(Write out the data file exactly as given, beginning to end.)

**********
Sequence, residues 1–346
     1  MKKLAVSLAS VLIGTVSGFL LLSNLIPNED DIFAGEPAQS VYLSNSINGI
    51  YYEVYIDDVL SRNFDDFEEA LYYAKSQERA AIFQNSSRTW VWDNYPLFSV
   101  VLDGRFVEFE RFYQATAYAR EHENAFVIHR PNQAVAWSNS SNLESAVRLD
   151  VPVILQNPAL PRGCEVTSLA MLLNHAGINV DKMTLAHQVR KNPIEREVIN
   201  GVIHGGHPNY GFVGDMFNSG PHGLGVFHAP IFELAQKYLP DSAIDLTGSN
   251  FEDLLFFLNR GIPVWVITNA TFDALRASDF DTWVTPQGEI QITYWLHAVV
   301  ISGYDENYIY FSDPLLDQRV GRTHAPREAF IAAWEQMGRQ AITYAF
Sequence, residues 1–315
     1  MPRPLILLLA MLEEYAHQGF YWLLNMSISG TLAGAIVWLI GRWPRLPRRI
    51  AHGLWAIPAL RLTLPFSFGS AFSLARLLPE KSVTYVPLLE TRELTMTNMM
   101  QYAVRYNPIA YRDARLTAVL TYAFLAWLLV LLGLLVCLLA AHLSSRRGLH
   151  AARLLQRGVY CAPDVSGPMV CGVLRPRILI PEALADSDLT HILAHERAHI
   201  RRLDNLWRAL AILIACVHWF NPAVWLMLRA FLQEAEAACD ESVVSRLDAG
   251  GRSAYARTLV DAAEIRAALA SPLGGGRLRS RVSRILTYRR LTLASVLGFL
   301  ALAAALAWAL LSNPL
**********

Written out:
Sequence, residues 1–346
     1  MKKLAVSLAS VLIGTVSGFL LLSNLIPNED DIFAGEPAQS VYLSNSINGI
    51  YYEVYIDDVL SRNFDDFEEA LYYAKSQERA AIFQNSSRTW VWDNYPLFSV
   101  VLDGRFVEFE RFYQATAYAR EHENAFVIHR PNQAVAWSNS SNLESAVRLD
   151  VPVILQNPAL PRGCEVTSLA MLLNHAGINV DKMTLAHQVR KNPIEREVIN
   201  GVIHGGHPNY GFVGDMFNSG PHGLGVFHAP IFELAQKYLP DSAIDLTGSN
   251  FEDLLFFLNR GIPVWVITNA TFDALRASDF DTWVTPQGEI QITYWLHAVV
   301  ISGYDENYIY FSDPLLDQRV GRTHAPREAF IAAWEQMGRQ AITYAF
Sequence, residues 1–315
     1  MPRPLILLLA MLEEYAHQGF YWLLNMSISG TLAGAIVWLI GRWPRLPRRI
    51  AHGLWAIPAL RLTLPFSFGS AFSLARLLPE KSVTYVPLLE TRELTMTNMM
   101  QYAVRYNPIA YRDARLTAVL TYAFLAWLLV LLGLLVCLLA AHLSSRRGLH
   151  AARLLQRGVY CAPDVSGPMV CGVLRPRILI PEALADSDLT HILAHERAHI
   201  RRLDNLWRAL AILIACVHWF NPAVWLMLRA FLQEAEAACD ESVVSRLDAG
   251  GRSAYARTLV DAAEIRAALA SPLGGGRLRS RVSRILTYRR LTLASVLGFL
   301  ALAAALAWAL LSNPL